Minnesota received a CMS planning grant to develop Section 2703 Health Homes for Medicaid enrollees with chronic conditions. Children experiencing a severe emotional disturbance (SED) are one of four target populations in this initiative. The goals of the integrated behavioral health homes are to: improve health outcomes; improve experience of care for the individual; improve the quality of health & wellness of the individuals; and reduce health care costs.
For more information about behavioral health services for children enrolled in Medicaid, see: “Behavioral Health in the Medicaid Benefit for Children and Adolescents: Minnesota.”
Support to Providers
The Minnesota Department of Human Services operates a Child and Teen Checkups (C&TC) program website, which contains the C&TC provider manual and coordinator handbook; age-specific C&TC documentation forms for providers and clinics; quality indicators for child health and developmental screening documents; screening schedules; and multiple factsheets, among other resources. The state also provides ongoing provider training on the C&TC program. E-Learning training on topics such as hearing, vision, oral health, and developmental screenings.
Child and Teen Checkups (C&TC) Coordinators
Administrative, outreach, and education services are provided to children and their families who are eligible for C&TC services by C&TC Coordinators. Each C&TC contracting Community Health Board/tribe has a C&TC Coordinator, who is often a county or tribal public health nurses (PHN). Among their responsibilities, C&TC Coordinators must:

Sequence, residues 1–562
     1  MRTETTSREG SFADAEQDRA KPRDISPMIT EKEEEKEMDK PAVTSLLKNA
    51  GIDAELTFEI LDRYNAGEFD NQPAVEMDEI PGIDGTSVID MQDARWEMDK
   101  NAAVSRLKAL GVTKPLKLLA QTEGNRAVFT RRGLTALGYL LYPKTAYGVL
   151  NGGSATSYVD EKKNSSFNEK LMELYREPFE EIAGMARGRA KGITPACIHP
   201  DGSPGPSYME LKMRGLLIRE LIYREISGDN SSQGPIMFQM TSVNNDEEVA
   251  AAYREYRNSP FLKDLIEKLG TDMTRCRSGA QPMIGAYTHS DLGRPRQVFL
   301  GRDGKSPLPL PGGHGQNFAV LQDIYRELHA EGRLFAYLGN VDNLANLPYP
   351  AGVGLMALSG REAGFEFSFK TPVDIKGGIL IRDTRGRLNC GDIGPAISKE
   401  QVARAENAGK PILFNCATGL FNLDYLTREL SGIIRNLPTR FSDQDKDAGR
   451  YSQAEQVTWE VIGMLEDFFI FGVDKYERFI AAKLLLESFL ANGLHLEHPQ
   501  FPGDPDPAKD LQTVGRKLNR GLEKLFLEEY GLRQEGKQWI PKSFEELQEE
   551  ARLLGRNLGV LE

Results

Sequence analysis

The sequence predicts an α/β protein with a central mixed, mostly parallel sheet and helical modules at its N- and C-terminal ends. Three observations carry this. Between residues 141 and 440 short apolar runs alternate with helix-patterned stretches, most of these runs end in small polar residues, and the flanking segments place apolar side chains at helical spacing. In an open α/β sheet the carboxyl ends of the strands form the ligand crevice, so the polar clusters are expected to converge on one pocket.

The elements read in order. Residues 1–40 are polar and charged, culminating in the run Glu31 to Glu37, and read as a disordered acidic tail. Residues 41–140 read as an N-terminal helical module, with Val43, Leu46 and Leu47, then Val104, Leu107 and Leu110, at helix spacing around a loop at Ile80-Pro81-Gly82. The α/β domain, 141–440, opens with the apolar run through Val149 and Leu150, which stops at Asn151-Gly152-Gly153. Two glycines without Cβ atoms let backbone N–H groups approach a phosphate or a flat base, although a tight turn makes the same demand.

Since July 2010, the Minnesota Department of Health and the Department of Human Services have led the Health Care Homes Project, which serves more than 2 million Minnesotans (including children) through 190 certified health care homes (“health care home” is Minnesota’s name for a Patient Centered Medical Home). The state defines a health care home as “an approach to primary care in which primary care providers, families and patients work in partnership to improve health outcomes and quality of life for individuals with chronic health conditions and disabilities.” For more information on Minnesota’s Health Care Homes project, see NASHP’s medical homes map.
Accountable Communities for Health
In 2011, Minnesota launched a Health Care Delivery Systems Demonstration within Medicaid. Building upon this work, Minnesota received a State Innovation Model grant from CMS in 2013, which will be used in part to support the development of Accountable Communities for Health. These communities will integrate medical care, mental health and chemical dependency, community health, public health, social services, schools and long-term services and supports. During phase one of this project (January-June 2013), nine accountable care organizations (ACO) were launched within the state. Phases two and three will allow for expanded ACOs and continued testing and infrastructure building. For more information on Minnesota’s ACO work, visit NASHP’s Accountable Care Map.
The Minnesota Department of Health website hosts an Oral Health Screening Online Module that offers primary care providers information on their role in providing oral health screenings for Medicaid-enrolled children.